Sep 30, 2007

The Everest Challenge Disaster

I made the disappointing discovery of why so many people fail to finish Everest Challenge (EC) on their first try. It's hard. Hard beyound explanation. I know this because finishers and non-finishers of the event have explained its difficulty to me and their tales failed miserably. Their description of the route was accurate, however, short of throwing me to the ground and stomping on my legs and stomach while cursing my mother's name; there is no accurate description of how actually riding EC will make you feel. And I didn't even finish the first day.




Sure, a better analysis of the course profile and better examination of the huge time gaps between finishers in past results would have told me that EC is not a bike race. It's an endurance event. Instead, I thought, "I can climb with the best of them." Them, of course, being past winners of the event. And so, with very little EC training, me, my parents, Denise and Ryder drove up to Bishop, and I gave it a go.

My goal was to finish until we hit the base of the first climb, and because I think I can climb with the best of them, my goal turned into winning. Ironically, that's when all of the steep and long ascents of EC came descending down on me. If I remember correctly, I was the second to crumble in our 8-man break. I wrote a check with funds from my mind that my body couldn't cash. The oddity, for me anyway, is that the final nail in the coffin was cramping and after five-and-half hours and 90-some miles, I pulled a Petachi. Within 10 uphill kilometers of the finish, and I couldn't close the deal. As I rigidly climbed into the Freeman team car, I was careful not to shut my tail in the door.



I got over the disappointment quick. Especially after we drove day two's final 20-mile climb and instead of cheering spectators lining the course, it was snow. Epic roads and epic scenary don't always make for epic bike racing. I'm not discrediting those who finish because it's an incredible feat, especially for the headstrong that take upwards of 8 hours to finish the first day and then wake up to ride again. I'm just saying that it took failing for me to discover that Everest Challenge isn't my Everest. And finishing it isn't enough for me either. To do it right; to actually have a chance at winning, I think I'd have to dedicate about two months to EC. There's just too much fun stuff to do on a bike other than train for a single two-day event. Life's too short for that shit.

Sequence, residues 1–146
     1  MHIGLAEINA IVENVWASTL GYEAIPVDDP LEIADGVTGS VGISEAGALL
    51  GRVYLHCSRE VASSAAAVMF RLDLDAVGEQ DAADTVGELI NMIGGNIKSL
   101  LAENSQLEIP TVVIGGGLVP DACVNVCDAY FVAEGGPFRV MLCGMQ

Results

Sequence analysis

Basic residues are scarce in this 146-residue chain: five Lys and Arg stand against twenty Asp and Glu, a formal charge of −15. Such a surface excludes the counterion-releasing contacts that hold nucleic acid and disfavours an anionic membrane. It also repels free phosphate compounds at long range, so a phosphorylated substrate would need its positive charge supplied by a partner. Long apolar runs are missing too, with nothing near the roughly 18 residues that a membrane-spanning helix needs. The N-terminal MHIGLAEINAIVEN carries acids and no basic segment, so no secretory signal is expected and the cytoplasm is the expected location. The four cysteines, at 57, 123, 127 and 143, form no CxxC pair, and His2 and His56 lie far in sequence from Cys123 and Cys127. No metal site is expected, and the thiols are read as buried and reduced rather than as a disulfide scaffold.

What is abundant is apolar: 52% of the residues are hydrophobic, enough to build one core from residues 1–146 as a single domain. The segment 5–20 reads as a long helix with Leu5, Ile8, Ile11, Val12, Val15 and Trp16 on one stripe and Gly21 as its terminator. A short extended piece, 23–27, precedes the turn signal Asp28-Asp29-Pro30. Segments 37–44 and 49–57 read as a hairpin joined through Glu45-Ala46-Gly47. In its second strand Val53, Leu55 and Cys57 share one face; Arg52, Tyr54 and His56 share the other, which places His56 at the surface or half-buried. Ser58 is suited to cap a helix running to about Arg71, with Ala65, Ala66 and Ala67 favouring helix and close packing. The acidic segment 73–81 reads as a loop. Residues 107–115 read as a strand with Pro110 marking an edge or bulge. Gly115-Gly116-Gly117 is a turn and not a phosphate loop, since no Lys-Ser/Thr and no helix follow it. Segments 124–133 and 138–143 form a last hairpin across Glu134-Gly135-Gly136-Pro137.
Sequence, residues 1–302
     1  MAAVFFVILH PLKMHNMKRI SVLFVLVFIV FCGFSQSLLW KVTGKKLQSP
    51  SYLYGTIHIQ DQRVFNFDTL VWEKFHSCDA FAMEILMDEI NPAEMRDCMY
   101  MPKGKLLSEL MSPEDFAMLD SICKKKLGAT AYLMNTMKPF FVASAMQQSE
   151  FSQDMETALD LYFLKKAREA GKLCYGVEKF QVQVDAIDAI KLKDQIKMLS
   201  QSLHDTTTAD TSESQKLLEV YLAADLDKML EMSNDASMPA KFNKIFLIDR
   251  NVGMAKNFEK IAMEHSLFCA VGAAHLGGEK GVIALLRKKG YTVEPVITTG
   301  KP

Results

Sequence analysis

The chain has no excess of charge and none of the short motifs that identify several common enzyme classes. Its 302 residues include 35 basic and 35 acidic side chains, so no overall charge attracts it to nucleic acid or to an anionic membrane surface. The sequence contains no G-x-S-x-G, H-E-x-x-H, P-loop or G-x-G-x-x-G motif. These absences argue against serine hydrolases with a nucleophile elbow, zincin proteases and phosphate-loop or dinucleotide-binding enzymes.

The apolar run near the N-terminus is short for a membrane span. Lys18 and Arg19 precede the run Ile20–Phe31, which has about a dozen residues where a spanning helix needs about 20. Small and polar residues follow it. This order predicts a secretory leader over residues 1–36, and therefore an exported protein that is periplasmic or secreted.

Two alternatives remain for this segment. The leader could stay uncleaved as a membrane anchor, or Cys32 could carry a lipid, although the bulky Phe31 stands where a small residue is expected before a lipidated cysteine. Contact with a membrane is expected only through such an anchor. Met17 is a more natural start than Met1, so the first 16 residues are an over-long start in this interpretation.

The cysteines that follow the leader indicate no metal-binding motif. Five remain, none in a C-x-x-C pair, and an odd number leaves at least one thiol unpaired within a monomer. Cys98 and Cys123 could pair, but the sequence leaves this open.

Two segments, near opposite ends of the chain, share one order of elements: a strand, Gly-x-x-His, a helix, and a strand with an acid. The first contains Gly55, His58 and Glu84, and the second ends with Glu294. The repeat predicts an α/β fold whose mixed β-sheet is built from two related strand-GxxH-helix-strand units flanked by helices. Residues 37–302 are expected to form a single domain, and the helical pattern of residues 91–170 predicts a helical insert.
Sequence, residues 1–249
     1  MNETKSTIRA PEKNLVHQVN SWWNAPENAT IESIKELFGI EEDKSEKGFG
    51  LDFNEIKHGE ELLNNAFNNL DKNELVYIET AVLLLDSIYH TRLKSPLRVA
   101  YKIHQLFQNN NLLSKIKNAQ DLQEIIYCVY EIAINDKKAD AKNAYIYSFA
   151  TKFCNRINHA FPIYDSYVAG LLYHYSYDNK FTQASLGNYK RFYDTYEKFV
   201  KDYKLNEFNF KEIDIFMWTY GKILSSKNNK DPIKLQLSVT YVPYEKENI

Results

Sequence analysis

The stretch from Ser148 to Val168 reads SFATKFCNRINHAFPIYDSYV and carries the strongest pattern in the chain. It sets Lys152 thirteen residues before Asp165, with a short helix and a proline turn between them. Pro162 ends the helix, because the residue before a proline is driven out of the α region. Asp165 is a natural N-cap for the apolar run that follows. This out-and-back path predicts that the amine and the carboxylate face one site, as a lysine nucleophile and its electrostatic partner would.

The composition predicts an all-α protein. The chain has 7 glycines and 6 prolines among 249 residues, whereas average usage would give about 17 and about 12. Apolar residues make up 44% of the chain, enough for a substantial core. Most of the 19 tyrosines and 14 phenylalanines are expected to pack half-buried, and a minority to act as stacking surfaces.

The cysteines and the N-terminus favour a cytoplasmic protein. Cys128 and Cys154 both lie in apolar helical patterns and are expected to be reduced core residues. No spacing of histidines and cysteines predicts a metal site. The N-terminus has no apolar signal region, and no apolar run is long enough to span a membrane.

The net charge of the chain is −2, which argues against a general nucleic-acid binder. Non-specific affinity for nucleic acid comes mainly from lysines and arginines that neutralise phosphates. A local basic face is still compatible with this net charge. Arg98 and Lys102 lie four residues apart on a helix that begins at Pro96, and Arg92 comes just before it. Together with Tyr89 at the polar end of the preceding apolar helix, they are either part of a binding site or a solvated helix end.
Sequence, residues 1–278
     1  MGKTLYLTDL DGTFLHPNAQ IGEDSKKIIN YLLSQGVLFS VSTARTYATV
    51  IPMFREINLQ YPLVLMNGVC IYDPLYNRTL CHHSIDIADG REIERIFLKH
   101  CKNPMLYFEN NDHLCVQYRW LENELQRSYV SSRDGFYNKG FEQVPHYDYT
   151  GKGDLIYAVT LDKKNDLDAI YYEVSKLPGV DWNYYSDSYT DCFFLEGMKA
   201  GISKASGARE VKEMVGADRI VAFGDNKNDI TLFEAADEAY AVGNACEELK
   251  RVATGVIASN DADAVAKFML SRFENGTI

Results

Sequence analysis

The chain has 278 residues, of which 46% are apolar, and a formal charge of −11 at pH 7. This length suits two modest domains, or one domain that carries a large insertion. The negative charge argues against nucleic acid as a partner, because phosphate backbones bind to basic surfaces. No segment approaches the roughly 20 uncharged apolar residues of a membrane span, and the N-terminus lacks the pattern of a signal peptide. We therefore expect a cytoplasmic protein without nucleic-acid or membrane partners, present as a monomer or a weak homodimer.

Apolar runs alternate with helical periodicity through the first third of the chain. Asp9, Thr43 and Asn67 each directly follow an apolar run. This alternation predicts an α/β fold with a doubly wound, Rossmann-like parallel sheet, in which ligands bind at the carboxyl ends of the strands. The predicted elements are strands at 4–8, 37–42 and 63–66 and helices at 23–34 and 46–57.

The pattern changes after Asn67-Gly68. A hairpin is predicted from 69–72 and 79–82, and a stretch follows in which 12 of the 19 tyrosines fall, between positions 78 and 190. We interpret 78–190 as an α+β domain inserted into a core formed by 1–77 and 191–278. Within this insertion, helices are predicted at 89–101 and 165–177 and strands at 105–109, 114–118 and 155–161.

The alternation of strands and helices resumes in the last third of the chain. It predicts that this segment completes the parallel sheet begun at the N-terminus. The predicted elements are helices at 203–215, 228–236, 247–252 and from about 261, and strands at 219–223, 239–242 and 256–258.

Now the good stuff:



Wake up sleepy kid! It's 6 o'clock in the morning and it's time to go follow Daddy up and down the Sierra Nevadas for hours on end from the back of Jeep Wrangler. Bring Mickey and your dog without a name. They can suffer too.


Awe, the start of bright new day. I should have said my apologies then.


The silver lining was the scenery.

The ruined rider and Grandma CindyJoyce watch Ryder throw bread to the birds. Note, that if my numb hands weren't between my legs, you'd probably be able to see my tail.


The ride up to Bishop is a long one, so my Dad and Ryder split up driving duties...


...which resulted in, yet another, run-in with the law for Ryder. Luckily he made bail.


Ryder's luck continued throughout the weekend when my parents treated him to a visit to a choo-choo train museum and to dinner at Whiskey Creek on Saturday night. I think he had steak.

It was a pretty good weekend and awfully nice of my parents to spend it with us.

1 comment:

JOY said...

it is apparent that you do, infact, enjoy suffering. Your character must be growing exponentially.